The boss has you under a deadline, and you’re Googling ‘how to stop procrastinating at work’ instead of getting your work done. If this is you, then you are probably procrastinating in other areas of your life as well. Abraham Lincon once said,”we cannot escape the responsibility of tomorrow by evading it today” If this is true, then why do we continue to delay?
Putting off the task or problem only serves to compound the issue and makes it more difficult to overcome, yet we still find ourselves making all kinds excuses. Perhaps your professional life has become a series of commitments that make you feel anxious and overwhelmed. Maybe your home is piling up with projects because you would rather spend your time doing something fun than finish putting up that fence. Your progress is slow, and your successes are minimal. It’s hard to feel enthused and motivated, so you give yourself excuses like “I work better under pressure” or “it’s really not that important right now.”
Procrastination isn’t a problem of laziness or a lack of time management skills. Procrastination is your mind’s way of protecting you from doing something that you decided was difficult or unpleasant. When you made up your mind that a particular job was unattractive, your mind went about the task of quickly relieving you from the duty of doing it.
The human mind is designed to avoid stress. If unpleasant tasks are stress inducing, then procrastination is simply a stress reducer. What better way to ease the stress of an impending deadline or a looming stack of laundry than to take a break. So, you surf the internet, play on your phone, or do anything else to avoid doing what needs to get done. Not only is your mind doing a great job of removing the unwanted task, but you are rewarded doubly by receiving immediate gratification from other more enjoyable activities.
In The War of Art, Steven Pressfield says that “the most pernicious aspect of procrastination is that it can become a habit.” The key to ending procrastination isn’t in having more willpower or becoming more organized. You don’t need to wait for inspiration or motivation. Procrastination is a habit, and the key to solving the procrastination problem is in interrupting the habit loop and creating new patterns of productivity.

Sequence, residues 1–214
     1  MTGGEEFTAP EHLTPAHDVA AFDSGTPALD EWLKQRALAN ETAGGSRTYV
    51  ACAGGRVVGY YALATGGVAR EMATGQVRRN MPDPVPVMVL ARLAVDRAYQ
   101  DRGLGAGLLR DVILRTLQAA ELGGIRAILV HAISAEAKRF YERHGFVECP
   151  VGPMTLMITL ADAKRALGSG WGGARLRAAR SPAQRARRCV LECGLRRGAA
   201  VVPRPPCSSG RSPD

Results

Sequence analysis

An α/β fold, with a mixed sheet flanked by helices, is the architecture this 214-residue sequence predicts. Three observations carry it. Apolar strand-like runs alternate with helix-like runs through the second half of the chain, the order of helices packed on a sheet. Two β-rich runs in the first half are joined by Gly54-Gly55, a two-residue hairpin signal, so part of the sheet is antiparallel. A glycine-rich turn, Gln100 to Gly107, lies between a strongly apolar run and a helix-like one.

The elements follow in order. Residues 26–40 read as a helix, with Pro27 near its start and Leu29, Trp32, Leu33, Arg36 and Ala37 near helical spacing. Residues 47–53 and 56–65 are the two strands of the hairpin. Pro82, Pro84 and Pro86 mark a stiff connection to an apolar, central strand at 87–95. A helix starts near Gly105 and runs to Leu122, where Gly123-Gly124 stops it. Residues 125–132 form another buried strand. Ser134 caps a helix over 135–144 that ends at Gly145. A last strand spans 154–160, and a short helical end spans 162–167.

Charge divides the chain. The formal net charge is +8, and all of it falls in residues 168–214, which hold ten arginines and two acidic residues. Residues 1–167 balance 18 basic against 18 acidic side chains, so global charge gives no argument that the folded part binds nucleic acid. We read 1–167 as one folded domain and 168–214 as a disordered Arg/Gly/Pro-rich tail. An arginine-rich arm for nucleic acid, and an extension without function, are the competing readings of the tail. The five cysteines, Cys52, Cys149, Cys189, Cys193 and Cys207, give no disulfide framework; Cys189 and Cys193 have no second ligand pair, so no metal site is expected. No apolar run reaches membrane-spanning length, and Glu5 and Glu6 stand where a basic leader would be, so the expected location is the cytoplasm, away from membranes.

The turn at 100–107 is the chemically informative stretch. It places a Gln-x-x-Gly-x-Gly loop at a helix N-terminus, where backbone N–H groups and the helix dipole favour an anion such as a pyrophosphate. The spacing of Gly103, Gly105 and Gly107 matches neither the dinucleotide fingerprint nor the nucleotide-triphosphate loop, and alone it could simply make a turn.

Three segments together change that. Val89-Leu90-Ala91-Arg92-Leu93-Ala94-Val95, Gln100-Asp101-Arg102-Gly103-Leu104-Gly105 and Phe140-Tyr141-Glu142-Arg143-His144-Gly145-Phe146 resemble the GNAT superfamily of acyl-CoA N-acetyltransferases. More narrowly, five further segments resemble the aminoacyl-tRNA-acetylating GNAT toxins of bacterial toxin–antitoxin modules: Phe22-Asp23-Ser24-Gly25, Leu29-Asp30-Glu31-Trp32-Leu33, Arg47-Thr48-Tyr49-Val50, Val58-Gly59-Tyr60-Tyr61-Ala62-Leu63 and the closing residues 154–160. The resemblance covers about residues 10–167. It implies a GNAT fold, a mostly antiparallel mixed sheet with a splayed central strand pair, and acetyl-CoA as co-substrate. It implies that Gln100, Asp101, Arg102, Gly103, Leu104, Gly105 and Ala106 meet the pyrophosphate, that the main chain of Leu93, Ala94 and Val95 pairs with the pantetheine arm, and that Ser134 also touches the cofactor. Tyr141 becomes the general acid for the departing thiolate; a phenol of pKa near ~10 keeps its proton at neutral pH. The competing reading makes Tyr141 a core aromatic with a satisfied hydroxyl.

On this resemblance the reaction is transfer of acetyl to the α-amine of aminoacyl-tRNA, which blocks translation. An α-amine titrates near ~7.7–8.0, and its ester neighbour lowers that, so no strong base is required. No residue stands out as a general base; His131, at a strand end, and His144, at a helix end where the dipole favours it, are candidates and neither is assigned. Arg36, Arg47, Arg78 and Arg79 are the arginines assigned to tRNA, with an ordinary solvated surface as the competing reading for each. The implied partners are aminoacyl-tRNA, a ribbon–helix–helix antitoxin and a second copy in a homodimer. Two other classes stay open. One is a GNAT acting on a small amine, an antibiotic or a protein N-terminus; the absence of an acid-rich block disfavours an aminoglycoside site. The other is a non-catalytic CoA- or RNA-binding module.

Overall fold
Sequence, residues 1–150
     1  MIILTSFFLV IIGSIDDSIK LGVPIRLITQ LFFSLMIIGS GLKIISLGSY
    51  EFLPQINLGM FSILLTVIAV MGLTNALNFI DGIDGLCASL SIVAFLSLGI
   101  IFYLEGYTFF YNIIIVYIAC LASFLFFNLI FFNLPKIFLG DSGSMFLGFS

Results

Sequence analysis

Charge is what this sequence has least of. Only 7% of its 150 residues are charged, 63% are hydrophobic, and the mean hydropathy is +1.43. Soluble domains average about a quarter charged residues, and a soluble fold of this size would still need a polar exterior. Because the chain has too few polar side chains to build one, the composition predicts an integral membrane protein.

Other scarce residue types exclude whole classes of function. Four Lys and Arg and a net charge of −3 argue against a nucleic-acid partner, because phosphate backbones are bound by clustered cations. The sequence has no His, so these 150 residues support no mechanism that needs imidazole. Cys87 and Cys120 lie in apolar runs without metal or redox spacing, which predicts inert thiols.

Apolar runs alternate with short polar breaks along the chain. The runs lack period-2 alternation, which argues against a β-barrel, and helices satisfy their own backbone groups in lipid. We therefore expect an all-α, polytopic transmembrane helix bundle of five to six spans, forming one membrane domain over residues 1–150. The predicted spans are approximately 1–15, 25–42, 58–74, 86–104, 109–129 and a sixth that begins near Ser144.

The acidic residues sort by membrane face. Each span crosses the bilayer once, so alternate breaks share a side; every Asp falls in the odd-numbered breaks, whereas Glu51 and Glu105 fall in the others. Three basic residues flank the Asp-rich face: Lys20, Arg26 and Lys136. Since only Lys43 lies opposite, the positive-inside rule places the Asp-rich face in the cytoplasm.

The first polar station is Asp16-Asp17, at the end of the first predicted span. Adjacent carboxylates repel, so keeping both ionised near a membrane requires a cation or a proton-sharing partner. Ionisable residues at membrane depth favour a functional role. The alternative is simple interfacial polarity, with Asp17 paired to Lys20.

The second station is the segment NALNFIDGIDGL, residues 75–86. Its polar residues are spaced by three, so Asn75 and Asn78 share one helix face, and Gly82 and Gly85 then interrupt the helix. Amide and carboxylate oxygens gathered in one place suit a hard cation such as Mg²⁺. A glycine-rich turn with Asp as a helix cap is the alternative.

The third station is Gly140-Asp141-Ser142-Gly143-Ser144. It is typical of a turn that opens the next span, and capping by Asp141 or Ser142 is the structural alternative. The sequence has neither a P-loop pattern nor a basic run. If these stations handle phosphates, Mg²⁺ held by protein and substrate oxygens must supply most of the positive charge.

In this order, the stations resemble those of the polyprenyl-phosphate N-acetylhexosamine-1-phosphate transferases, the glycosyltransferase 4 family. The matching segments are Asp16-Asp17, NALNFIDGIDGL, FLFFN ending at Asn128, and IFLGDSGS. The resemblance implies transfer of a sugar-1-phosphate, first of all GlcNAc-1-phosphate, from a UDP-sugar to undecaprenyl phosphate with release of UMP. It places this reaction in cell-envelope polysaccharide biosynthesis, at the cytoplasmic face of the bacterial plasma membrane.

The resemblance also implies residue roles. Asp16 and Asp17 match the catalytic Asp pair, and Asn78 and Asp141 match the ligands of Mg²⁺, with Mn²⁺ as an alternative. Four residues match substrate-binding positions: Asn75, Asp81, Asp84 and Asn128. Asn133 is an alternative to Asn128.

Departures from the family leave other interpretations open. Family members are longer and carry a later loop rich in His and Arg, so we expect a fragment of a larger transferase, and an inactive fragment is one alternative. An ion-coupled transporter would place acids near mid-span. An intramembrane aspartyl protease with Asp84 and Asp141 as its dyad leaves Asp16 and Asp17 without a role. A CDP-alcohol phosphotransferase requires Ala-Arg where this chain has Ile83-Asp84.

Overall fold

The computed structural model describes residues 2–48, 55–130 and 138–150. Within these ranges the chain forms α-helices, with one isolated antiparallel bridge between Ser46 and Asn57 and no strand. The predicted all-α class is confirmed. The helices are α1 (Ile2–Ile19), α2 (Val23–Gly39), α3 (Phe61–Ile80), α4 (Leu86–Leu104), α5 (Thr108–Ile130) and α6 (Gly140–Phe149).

You can end procrastination with these simple steps
Take a deep breath and begin by acknowledging that you are feeling stressed or overwhelmed. You can’t get where you are going if you don’t know where you are.
Connect with why the job at hand is valuable or important. Even the most terrible of tasks has its reward. What do you have to gain from getting it done? Make a list of at least three positive returns; these can range from positive feelings to tangible results.
Close your eyes and visualize working on your project. See the smile on your face as you envision yourself diligently working. Use your imagination to see the project all the way through, and feel the joy and pride of accomplishment that comes with a job well done.
Open your eyes and begin your project. Don’t think! Just start moving. Work on your project for a predetermined amount of time. It may just be five minutes to start. What’s important is that you are creating momentum.
Take a short break! Get up and stretch, drink a glass of water, or play a game for a couple of minutes. By rewarding yourself, you are activating the pleasure centers in your brain and forging new neuro pathways to create a stimulus response. You are conditioning your mind to accept the new habit. Set a timer this is just a short break!
Get back to work. If you need a little motivation to get started; begin by taking a deep breath, closing your eyes and repeating the process. You are now completing the loop, creating new habits, and accomplishing more than you ever thought possible.
Every week I receive multiple calls from people looking to end the procrastination cycle. Clients come to see me for a broad range of procrastination habits, including work-related projects, exercise, cluttered homes, and writer’s block. Through hypnotic suggestion, I can directly communicate these powerful techniques and other positive suggestions to the subconscious mind; rapidly improving productivity and increasing the clients’ ability to make lasting change.
Clients who have procrastinated for years come out of hypnosis with a greater appreciation for their projects. They let go of the daily struggle just to get it done, and rapidly begin completing their goals. You can end your procrastination problem now by following these simple steps and by seeing a hypnotherapist.
Written by Tara Martin CH, Airó Hypnosis